I went back and looked over all the posts on Eating Real Food from 2010. Here are some of the highlights:
Is Mrs. Butterworth a syrup fraud?
Imitation syrup is a cheap alternative to real syrup; basically you take a sweetener (it could be sugar, but high fructose corn syrup is more common) and make it viscous, then add some flavoring. If your bottle of syrup does not explicitly say “maple syrup”, then you are holding imitation syrup (United States laws prohibit imitation syrup from using the maple syrup name).
Personally, I avoid foods that pretend to be other foods. If I’m going to eat a burger, or bacon, or jerky, it’s because I have chosen to eat a burger, or bacon, or jerky. As far as nutrition, vegetarians can get plenty of protein from beans, nuts, and a diverse plate of greens.
Unearthing lettuce plants: First day at the CSA
Though I wasn’t required to volunteer my time for chores, it was something I asked for. Living in an apartment, I don’t have a field or backyard to garden in. After a year of writing about real, natural, and organic food, I was antsy to get my hands dirty.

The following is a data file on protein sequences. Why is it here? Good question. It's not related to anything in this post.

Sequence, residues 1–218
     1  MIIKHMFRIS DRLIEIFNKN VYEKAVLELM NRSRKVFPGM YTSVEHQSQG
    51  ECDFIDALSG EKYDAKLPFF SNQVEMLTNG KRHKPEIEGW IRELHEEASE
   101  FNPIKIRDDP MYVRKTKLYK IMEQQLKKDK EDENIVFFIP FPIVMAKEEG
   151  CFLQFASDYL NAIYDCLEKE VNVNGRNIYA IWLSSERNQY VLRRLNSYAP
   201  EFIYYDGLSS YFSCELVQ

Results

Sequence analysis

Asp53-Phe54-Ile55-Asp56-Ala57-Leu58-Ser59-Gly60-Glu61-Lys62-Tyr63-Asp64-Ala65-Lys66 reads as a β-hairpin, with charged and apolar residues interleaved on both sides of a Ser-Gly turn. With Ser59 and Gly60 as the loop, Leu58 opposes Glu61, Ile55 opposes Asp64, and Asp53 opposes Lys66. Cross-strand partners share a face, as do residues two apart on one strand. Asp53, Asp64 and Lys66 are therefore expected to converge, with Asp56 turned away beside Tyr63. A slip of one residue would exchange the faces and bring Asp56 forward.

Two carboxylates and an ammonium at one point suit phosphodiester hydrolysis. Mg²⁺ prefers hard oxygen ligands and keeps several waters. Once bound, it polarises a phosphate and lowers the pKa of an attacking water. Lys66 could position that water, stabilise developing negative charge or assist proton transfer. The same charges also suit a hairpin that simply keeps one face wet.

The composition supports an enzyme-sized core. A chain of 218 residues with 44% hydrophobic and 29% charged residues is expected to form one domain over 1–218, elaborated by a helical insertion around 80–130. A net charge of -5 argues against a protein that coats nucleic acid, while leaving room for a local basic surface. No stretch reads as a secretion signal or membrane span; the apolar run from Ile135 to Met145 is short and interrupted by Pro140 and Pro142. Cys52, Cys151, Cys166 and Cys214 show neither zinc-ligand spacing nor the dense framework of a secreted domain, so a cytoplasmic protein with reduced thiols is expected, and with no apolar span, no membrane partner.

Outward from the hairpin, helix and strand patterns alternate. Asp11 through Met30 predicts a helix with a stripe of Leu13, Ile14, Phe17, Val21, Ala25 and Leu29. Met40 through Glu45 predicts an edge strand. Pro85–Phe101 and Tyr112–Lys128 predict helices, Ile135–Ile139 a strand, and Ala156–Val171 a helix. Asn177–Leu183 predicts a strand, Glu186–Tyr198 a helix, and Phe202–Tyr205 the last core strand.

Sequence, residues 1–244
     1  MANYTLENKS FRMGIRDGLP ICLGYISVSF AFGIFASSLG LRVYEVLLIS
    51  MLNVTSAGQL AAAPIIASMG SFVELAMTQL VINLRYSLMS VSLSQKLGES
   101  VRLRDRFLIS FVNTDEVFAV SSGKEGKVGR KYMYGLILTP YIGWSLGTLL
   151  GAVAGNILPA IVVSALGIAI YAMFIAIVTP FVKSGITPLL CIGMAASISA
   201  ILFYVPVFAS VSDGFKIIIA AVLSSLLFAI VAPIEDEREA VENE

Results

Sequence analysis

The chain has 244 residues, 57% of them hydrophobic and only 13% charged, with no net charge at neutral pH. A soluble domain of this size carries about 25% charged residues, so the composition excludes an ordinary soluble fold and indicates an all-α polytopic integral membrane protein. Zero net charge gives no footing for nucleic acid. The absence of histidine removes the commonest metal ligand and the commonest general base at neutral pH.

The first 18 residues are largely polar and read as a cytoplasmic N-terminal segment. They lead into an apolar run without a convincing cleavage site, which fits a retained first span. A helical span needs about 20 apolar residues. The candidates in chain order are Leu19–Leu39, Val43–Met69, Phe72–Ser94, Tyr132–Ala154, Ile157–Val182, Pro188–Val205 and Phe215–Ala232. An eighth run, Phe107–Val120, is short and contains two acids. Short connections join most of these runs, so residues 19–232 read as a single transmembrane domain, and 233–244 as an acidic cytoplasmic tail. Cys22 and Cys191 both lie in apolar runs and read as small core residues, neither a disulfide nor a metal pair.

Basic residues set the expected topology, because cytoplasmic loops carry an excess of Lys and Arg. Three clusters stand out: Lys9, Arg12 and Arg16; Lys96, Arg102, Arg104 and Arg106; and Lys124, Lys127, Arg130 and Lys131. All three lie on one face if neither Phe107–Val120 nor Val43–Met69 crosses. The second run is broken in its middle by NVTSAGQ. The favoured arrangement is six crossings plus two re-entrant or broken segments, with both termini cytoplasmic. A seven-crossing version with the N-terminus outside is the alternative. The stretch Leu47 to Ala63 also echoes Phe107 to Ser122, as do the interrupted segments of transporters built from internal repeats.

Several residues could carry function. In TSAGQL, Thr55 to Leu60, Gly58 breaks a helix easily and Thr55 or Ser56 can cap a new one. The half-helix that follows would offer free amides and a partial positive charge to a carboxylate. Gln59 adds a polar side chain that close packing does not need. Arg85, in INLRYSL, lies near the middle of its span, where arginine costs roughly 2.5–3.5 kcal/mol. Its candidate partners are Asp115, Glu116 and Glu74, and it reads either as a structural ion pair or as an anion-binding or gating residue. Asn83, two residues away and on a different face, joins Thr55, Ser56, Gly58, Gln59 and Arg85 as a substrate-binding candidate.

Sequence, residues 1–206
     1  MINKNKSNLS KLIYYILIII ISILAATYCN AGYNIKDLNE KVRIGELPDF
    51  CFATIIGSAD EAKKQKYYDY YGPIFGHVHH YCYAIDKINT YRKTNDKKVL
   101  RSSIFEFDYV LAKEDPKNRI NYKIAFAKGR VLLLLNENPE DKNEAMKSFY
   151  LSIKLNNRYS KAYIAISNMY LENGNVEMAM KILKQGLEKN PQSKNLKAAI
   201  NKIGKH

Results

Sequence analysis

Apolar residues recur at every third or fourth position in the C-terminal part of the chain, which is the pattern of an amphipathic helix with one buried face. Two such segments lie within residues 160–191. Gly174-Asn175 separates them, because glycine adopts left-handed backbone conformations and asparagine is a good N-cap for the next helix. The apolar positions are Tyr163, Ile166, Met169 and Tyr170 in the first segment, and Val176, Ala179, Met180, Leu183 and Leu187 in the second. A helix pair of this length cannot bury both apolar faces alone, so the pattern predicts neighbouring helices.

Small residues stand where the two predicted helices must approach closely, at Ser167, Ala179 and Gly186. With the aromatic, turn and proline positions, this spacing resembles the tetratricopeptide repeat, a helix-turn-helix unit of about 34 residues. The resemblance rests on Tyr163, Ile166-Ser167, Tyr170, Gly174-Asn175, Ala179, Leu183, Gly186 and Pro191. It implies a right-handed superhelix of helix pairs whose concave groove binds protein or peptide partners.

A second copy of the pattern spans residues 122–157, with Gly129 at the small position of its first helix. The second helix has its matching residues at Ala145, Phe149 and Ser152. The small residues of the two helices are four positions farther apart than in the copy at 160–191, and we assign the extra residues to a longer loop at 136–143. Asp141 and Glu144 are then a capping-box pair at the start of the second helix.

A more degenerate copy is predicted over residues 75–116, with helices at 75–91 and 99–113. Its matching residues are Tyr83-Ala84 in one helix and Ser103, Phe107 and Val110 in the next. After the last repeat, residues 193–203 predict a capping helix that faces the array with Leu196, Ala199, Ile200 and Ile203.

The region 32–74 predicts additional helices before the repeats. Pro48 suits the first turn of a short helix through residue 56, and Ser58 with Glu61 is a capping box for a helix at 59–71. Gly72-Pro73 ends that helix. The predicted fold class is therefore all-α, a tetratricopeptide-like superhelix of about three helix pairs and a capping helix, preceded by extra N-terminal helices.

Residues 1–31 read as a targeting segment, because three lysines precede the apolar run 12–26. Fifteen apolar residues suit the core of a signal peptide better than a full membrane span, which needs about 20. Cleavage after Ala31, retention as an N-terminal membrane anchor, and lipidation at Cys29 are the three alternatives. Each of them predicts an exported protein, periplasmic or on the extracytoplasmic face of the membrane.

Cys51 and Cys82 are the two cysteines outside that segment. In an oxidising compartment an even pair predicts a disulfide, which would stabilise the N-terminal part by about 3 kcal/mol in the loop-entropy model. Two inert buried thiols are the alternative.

Xanthan gum: It’s (probably) in your salad dressing
Xanthan gum takes its name from Xanthomonas campestris, the bacteria used in the additive’s fermentation. Take some sugar (glucose or sucrose), mix withXanthomonas, clean it up, and boom! You’ve got xanthan gum.
In industry language, Velveeta is packaged as a ‘pasteurized prepared cheese product’. That basically mean it’s processed.
Processing extends shelf life and allows manufacturers to make a uniform, consistent product. It’s also cheaper because you’re mixing inexpensive inputs together rather than relying on milk and enzymes alone.
Foodie emerged from the ashes of gourmet. Gourmets, traditionally, appreciate foods with fine ingredients. In the early 1980s, gourmet became associated with a snobbish attitude toward food and fell out of favor. Food appreciation was gaining common appeal, and food snobs were exiled. The world needed a new word, and foodie emerged at the right time
Monoglycerides and diglycerides
Monoglycerides and diglycerides allow a food processor to mix oil and water in a process known as emulsification. This very useful property makes monoglycerides and diglycerides a common food additive to extend shelf life. They would be unnecessary if grocery store customers could stomach seeing natural separation in peanut butter and other products. Alas, Americans hate that.